Filmmakers Joshua and Ben Safdie found the star of their latest movie, “Heaven Knows What,” on the MTA. Her name is Arielle Holmes, and she once was — as she plays in the movie — a heroin addict who lived on the streets with other young addicts, including an on-again-off-again boyfriend named Ilya (played on film by Caleb Landry Jones). Do they often stop random strangers?
“All the time,” Josh, who found her, replies. “I stopped someone on the subway the other day. A little kid — a teenager. Because we need teenagers for the next movie we’re doing.”
Not that it ever gets easier. “You’re breaching a social contract,” says Ben. “It’s ‘No talking, don’t look at me.’ Now you’re acknowledging that you looked at them and you’re talking in front of everybody.”
Josh knows that it sounds “sleazy” to assure them they’re filmmakers, though at least the brothers now, together, have a body of work: nine shorts and, with “Heaven Knows What,” four features. “It’s a little easier now,” Ben adds. “You can say, ‘Look, I’m not a liar. You can look us up.’”
When they found Holmes they convinced her to write her memoirs, which she did, for a good stretch of it, standing up, at the Apple Store on 67th and Broadway. When Josh caught wind of this he gave her a laptop. Her manuscript — “Mad Love in New York City,” not yet published — became the backbone of the film. They chronicle a committed addict, and living the life that comes with it: perpetually on-edge, usually prone to mood swings and outbursts, both in thrall to the drug and her sometimes emotionally abusive boyfriend, Ilya.
The real-life Ilya entered the Safdies’ life, in some degree, long ago. Their casting director, Jennifer Venditti, met him long before the Safdies met Holmes. She tried to get him in a movie, but he wasn’t having it. “He was the one who got away,” Josh says. When they told her, years later, about Holmes and her boyfriend Ilya, they were blown away to learn he was the same guy. “Think of the cosmic significance of that,” Josh says.
Sadly, Ilya was found dead of an overdose in Strawberry Fields in April, soon after he had gotten clean for the first time in ages. “That’s the Ilya I never got to meet,” Josh says.
The film arrives at a time when addiction is evolving from a stigma — whose afflicted members tend to be locked up — to starting to become recognized as a real disease.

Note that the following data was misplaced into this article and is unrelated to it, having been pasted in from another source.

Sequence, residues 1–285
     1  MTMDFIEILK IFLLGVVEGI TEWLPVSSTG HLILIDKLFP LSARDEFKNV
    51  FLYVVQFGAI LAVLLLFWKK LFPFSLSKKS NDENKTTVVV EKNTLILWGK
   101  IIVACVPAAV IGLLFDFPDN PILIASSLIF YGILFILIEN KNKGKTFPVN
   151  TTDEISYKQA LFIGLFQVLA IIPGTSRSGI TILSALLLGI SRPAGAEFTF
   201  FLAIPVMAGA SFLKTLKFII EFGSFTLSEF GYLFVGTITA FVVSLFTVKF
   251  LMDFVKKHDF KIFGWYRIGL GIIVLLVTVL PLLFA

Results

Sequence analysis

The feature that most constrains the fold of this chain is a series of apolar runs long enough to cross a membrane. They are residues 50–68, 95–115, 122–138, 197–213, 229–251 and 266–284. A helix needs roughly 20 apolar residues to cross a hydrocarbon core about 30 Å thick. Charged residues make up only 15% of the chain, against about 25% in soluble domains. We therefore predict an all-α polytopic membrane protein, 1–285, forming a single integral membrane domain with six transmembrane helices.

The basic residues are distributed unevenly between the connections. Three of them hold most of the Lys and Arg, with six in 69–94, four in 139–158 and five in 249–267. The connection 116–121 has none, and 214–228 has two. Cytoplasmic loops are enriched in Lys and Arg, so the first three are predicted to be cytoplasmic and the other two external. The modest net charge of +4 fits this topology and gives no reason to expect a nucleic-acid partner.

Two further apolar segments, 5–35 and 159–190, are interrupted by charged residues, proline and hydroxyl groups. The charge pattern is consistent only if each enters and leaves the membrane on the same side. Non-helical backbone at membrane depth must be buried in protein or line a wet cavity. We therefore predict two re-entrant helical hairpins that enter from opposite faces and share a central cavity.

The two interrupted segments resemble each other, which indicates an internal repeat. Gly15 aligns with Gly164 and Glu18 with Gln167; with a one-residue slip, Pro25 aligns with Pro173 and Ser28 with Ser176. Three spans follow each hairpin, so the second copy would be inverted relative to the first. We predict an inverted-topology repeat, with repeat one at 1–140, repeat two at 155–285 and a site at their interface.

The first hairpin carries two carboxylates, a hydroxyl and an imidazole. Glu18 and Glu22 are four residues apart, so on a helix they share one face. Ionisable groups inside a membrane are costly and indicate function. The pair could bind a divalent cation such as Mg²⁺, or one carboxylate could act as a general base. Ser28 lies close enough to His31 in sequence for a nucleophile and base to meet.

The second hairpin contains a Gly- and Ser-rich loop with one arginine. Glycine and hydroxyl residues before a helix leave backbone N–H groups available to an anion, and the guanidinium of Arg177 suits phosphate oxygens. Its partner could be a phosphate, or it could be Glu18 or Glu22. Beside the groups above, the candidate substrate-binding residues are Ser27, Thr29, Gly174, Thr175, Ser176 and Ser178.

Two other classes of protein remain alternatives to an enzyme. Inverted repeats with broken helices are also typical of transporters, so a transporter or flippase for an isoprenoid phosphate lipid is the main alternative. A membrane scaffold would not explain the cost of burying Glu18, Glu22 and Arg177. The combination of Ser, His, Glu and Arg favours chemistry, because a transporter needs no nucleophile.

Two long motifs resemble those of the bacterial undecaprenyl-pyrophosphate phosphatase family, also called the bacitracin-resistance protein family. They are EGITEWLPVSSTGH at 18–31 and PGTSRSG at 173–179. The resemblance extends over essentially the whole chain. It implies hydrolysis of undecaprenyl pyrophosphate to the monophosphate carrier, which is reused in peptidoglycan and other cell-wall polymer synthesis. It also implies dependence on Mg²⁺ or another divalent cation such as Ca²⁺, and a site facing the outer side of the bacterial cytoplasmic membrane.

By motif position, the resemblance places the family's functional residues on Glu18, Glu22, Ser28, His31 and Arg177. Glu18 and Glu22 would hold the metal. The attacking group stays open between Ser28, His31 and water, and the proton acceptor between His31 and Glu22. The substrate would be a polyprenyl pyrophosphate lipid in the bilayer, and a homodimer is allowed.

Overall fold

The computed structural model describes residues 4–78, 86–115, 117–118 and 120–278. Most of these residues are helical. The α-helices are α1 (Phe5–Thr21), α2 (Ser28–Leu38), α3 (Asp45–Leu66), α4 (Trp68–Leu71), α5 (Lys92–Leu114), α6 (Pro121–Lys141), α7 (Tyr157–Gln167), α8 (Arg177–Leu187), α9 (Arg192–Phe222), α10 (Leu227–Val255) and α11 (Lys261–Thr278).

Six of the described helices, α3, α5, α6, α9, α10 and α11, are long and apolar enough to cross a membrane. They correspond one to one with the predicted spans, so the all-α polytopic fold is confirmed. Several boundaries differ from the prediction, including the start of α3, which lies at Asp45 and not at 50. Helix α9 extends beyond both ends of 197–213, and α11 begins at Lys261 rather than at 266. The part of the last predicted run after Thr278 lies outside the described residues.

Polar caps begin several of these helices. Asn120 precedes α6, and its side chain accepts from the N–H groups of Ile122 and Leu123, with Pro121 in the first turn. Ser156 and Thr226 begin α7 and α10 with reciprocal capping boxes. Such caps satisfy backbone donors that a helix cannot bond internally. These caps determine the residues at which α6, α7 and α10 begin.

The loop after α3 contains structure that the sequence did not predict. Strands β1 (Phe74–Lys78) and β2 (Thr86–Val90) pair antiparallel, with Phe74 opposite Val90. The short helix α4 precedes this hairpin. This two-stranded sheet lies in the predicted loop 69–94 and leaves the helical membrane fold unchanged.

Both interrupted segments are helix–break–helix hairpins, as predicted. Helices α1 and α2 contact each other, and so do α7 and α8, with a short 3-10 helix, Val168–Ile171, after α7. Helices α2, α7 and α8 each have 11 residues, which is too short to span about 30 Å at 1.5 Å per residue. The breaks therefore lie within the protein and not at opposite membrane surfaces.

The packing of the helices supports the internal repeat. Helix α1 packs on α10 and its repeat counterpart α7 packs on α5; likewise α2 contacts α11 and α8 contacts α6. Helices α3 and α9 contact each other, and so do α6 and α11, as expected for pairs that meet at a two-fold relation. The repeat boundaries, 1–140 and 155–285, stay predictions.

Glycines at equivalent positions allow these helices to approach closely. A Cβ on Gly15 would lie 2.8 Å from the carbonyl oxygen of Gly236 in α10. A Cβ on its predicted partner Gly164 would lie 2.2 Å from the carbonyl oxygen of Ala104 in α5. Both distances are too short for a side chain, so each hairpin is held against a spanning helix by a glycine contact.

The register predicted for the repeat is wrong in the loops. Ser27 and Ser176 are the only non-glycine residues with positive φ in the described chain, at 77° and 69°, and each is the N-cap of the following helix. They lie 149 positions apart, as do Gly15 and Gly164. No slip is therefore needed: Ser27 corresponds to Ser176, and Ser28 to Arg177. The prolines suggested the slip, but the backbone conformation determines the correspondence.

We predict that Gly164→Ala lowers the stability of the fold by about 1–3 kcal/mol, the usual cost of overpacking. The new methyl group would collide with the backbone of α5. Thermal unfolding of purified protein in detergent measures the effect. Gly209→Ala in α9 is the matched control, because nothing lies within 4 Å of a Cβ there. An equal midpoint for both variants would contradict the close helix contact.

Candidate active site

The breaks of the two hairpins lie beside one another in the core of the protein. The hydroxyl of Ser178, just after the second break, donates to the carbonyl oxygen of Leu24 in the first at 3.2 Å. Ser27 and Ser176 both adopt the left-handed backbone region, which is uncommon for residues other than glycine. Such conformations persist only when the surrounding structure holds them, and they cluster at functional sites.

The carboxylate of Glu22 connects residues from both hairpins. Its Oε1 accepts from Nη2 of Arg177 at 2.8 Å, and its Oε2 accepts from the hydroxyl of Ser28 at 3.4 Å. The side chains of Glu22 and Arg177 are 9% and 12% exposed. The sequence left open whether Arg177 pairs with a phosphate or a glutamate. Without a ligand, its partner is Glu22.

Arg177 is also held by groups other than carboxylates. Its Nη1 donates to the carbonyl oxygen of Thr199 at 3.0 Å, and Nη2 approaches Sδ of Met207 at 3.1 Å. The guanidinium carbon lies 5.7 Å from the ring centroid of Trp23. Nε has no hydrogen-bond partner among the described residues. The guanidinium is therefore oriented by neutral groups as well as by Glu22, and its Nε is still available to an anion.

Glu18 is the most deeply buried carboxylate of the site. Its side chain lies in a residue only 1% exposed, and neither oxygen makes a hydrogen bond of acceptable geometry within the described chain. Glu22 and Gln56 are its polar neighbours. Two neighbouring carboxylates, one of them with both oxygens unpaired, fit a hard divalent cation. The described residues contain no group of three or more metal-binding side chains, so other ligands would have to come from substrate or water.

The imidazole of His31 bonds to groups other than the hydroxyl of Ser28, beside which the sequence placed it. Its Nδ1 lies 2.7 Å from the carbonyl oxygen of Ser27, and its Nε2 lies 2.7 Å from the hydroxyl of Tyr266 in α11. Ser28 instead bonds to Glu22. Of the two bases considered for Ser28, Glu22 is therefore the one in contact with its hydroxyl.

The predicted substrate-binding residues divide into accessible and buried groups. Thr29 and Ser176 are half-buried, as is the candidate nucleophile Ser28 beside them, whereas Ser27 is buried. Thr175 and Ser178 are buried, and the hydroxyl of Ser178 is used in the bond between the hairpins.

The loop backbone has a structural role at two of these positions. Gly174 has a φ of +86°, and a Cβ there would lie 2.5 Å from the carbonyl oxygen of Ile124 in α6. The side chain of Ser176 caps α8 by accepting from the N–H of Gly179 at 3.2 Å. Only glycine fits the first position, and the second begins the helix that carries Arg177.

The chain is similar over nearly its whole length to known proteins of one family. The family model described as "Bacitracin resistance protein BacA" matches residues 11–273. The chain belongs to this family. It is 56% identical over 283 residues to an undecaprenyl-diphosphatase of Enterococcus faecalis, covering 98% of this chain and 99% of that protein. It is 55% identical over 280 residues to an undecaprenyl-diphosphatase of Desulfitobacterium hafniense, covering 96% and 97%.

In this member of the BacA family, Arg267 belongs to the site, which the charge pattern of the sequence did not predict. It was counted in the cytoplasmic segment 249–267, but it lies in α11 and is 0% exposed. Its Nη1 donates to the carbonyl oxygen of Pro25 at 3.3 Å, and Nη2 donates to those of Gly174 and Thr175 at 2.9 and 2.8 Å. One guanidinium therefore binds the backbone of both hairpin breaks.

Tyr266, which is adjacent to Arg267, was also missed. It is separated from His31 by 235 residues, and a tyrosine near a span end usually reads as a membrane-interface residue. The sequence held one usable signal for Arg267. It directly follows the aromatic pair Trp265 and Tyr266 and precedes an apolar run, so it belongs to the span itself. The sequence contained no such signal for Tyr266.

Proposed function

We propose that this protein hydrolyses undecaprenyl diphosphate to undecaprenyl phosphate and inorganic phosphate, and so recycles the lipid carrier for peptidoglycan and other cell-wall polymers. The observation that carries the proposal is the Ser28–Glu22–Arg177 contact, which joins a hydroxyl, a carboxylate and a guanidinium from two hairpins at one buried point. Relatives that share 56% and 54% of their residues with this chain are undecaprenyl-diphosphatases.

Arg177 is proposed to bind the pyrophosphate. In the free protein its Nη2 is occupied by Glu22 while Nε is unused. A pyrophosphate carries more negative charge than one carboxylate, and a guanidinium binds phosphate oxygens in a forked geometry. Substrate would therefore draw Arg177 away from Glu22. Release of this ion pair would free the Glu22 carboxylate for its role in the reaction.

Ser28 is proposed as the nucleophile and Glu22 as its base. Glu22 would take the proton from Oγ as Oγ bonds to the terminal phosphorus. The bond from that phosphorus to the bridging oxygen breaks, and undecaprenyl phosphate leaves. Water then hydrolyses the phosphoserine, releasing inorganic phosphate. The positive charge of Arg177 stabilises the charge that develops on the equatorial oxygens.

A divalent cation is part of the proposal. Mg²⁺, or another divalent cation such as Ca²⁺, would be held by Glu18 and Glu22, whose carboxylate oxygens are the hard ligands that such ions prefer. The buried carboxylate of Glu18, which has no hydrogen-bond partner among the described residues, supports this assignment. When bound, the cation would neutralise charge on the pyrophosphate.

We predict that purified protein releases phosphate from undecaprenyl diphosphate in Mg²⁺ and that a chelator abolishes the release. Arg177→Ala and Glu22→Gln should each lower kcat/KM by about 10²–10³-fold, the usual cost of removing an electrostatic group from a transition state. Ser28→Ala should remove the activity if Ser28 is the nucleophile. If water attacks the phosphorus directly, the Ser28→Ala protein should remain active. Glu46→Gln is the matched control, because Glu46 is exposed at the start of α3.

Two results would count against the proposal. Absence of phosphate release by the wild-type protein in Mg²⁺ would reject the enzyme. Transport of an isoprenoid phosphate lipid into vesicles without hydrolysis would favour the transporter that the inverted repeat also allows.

“Most dope users have anxiety disorders. That’s why they’re taking dope,” Josh says. “For most of society, if someone’s using drugs around you, your first instinct is to do anything you can to make them not use that drug. That’s a normal instinct to have. If you’ve ever known a drug addict on a deep, personal level you know that’s actually not what you do. They’re going to do it no matter what. You can talk to them while they’re sober, but you don’t talk to someone while they’re getting f—ed up.
“People are weird animals. We use drugs to get high. We like to get high. We’re not content with life.”
Most movies about addicts tend to be a strange mix of warning and siren song, telling you not to abuse drugs while preaching their seductive power. “People who saw ‘Trainspotting’ and ‘Requiem for a Dream’ — I saw those movies and thought, ‘Wow, they made heroin look pretty cool,’” says Josh. “I’m not knocking them. They’re great movies. It’s just a very delicate balance to ride.”
“When you make a movie about [addicts] and you’re showing from their perspective, how do you do that without translating that same love or desire to the viewer,” Ben asks.
As such “Heaven Knows What” doesn’t dwell much on the actual drug taking, and it spends most of the time in the constant state of agitation that comes with being an addict. For them being an addict, especially in a city like New York City, is a kind of job. “You gotta pay our rent, you gotta pay for the drug,” Josh points out. “You have a schedule that’s still regulated by most of society because you’re either stealing or you’re begging, and you have to do that on a normal people’s schedule. She says in the movie, ‘I have to wake up to catch the morning rush.’”
Like their other movies —“Daddy Longlegs,” “The Pleasure of Being Robbed” —“Heaven Knows What” is deeply ingrained in the anxiety of New York City life. “To me it doesn’t take much effort to capture that energy,” Josh says. “The vibe is always there. It’s just a matter of resurrecting it.”
“Being from here helps,” Ben adds. “You don’t treat it with the same preciousness that someone else would. I remember walking down 5th, and there were all these people stopped on the sidewalk. I was like, ‘What is everyone looking at?’ I stormed right through and there’s the Empire State Building. People were taking pictures of it. I thought, ‘That’s here. I forget.’”
We’re used to, these days, New York being depicted on screen as a playground for the wealthy. The often homeless addicts in “Heaven Knows What” spend most of their time in their space, hanging in the Upper West Side.
“There’s two awesome sayings,” says Josh. “One is about how the super-rich and the super-poor are very similar: neither carry wallets and neither carry keys to their houses. They have nothing to do all day. The other saying is you can take the ho out of the street but you can’t take the street out of the ho. New York City will always be the ho with the street in it.”